Posts tagged #Customers

Custom Galvanized Sheet Metal Ash Box

The benefit of our fabrication shop is the ability to fabricate small numbers of custom projects for a range of products. Our main focus being HVAC custom ductwork and fittings, but we fabricate a lot of specialty items for many of our customers.

Last week I received a request through our website for a custom 15" x 15" x 15" ash box with a sliding top cover.

 

Know The Tendencies of Your Customers

Many of our customers have done business with us for years and we appreciate every order they place here at the shop. Part of the reason they come back, besides stellar work, is the fact that I do my best to learn there tendencies and little idiosyncrasies. This does not mean I am at everybody's beck and call 24/7, but I do make an effort to give each and every customer the best service possible. 

Should We Start a Facebook Business Page?

I have been pretty open regarding my hatred and questions about Facebook. We have never had a Facebook business page; I deleted my personal account over a year ago and have never felt more free. But...

Now that our company is working diligently on marketing the business, latching onto the power of the web and social media, I may be having a change of heart. Is it time for us to start a Facebook business page?

I openly despise, throwing barbs whenever I can, everything that is Facebook. The incessant baby bumps and people who I've talked to once pretending to be my bestee. However, my hypocritical juices are flowing, not wanting to miss out on any opportunity to help promote our business. Should I really let some, let's be honest, minor personal problems deny our business of opportunities?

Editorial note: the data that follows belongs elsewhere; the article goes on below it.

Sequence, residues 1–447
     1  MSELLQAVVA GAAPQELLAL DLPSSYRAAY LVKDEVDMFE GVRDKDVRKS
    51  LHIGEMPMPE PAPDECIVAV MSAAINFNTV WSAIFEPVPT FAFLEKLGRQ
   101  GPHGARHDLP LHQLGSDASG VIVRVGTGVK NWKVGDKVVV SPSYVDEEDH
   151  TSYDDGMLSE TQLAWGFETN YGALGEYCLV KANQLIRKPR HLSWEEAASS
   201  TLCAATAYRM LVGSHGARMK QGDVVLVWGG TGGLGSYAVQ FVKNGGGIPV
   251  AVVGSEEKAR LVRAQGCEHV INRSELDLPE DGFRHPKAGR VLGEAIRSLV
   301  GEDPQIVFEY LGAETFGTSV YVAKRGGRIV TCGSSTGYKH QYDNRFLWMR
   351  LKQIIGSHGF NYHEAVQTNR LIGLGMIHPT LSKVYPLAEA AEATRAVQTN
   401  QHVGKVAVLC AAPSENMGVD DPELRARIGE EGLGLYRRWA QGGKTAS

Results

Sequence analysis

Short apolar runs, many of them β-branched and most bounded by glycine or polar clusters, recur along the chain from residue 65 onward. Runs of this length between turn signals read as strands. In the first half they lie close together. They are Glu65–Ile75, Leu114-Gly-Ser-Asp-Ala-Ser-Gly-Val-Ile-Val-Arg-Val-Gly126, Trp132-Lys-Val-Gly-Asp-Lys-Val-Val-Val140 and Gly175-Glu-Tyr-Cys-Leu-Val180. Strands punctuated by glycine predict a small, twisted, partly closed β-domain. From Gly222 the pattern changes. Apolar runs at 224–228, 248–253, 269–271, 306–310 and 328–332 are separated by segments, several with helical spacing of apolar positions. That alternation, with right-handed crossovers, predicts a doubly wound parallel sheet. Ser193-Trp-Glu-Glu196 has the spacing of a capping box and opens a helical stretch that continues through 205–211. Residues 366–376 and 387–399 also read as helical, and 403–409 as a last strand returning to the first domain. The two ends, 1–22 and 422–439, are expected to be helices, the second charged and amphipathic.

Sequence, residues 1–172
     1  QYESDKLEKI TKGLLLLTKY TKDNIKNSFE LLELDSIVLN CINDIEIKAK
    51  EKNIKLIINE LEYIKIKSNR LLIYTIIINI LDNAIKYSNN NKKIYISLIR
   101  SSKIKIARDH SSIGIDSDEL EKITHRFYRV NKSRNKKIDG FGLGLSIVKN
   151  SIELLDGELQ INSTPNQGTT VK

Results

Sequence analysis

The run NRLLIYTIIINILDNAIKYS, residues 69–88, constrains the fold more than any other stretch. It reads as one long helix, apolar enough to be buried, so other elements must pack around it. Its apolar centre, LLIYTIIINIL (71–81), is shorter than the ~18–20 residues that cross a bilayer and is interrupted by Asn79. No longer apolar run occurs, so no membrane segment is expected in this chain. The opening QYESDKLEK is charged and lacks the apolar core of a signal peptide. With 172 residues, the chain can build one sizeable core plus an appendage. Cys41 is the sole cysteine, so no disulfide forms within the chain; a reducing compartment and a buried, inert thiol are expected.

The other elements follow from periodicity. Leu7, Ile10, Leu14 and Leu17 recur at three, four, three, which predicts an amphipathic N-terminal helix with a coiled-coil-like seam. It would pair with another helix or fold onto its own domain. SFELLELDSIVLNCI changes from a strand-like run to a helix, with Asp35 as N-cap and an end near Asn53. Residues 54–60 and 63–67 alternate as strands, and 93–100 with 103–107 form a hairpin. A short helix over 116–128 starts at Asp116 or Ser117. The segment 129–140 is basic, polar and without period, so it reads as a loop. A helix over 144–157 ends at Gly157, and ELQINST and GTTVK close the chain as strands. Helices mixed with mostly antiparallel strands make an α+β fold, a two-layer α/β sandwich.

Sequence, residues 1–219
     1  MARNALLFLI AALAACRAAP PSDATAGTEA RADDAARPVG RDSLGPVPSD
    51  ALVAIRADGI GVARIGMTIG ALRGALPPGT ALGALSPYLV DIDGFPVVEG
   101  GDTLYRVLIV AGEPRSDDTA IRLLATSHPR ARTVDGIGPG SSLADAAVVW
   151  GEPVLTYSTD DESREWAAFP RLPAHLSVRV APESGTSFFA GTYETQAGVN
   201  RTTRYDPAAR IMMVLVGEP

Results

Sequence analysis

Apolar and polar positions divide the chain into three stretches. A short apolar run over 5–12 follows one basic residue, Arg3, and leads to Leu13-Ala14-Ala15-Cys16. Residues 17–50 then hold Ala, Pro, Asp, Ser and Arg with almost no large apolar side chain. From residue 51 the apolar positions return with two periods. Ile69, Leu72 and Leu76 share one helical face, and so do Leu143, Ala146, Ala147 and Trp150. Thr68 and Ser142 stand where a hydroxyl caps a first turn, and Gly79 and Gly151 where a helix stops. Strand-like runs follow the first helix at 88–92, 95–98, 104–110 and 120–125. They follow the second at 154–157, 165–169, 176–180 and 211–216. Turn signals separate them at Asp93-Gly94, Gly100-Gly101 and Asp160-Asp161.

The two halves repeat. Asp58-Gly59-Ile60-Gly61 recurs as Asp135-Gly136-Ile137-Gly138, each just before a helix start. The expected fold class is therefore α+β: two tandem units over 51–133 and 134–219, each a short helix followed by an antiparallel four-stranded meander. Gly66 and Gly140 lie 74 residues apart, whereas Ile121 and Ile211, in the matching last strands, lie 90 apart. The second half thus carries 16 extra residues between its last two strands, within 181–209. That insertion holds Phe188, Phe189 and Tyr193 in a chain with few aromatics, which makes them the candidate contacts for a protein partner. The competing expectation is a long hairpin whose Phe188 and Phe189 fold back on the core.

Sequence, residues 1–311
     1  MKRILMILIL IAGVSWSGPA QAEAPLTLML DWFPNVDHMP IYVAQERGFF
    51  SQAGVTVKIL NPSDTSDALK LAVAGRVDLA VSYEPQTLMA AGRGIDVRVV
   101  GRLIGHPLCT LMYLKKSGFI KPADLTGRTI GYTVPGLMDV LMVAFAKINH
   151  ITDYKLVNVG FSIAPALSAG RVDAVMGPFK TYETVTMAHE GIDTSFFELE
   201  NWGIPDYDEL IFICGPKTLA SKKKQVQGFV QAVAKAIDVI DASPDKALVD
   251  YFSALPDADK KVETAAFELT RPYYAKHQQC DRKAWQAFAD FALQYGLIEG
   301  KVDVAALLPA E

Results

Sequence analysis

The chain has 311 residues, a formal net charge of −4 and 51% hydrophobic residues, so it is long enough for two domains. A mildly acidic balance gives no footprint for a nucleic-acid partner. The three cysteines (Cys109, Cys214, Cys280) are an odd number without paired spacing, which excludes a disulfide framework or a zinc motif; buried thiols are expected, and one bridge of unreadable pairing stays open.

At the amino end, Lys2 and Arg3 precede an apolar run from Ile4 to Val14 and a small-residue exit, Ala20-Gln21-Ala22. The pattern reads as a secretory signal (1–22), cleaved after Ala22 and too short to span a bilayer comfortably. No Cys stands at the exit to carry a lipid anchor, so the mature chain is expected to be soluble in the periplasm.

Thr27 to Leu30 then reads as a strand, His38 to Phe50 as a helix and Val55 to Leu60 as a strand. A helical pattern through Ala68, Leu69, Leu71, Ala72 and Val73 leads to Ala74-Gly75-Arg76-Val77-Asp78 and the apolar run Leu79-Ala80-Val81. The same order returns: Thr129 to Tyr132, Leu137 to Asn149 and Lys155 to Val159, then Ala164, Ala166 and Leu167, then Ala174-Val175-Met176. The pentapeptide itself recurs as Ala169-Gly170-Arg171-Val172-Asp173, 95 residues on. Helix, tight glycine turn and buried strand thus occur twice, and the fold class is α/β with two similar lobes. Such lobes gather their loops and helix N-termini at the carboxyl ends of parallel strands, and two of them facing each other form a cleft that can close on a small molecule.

These strong feelings I portend to have about Facebook over the last year and a half are all for naught if I decide to start a page. Seems pretty weak of me to cave on something not so important in the grand position of personal and business stances. However, we're not talking about abortion or gun control here.

Gasp...am I a flip-flopper?

Or does it not matter in the grand scheme of business and promoting the brand? After all, this is a personal position, ultimately hurting no one in the process. The caveat being that the company consists of my father and I only, with my dad not really caring or able to deal with any of the online promotion. Hence, much of what I put out there is very personal.

I try to use this blog as a billboard, company news site and sounding board for my thoughts and questions. The Facebook thing has been riling me for months since we started a concerted marketing effort via Adwords and now with the announcement of graph search earlier this month, I'm even more confused. Clearly, this is something I have strong issues with, but am I hurting the business in the process?

Any suggestions in our comments section or twitter regarding whether or not a Facebook business page is a must would be greatly appreciated.

 

The Invaluable Insight From Customers That Care

One of the best things about having good relationships with customers is the feedback you gather on a daily basis. This can be invaluable when you take big steps that benefit you, your company and your customers.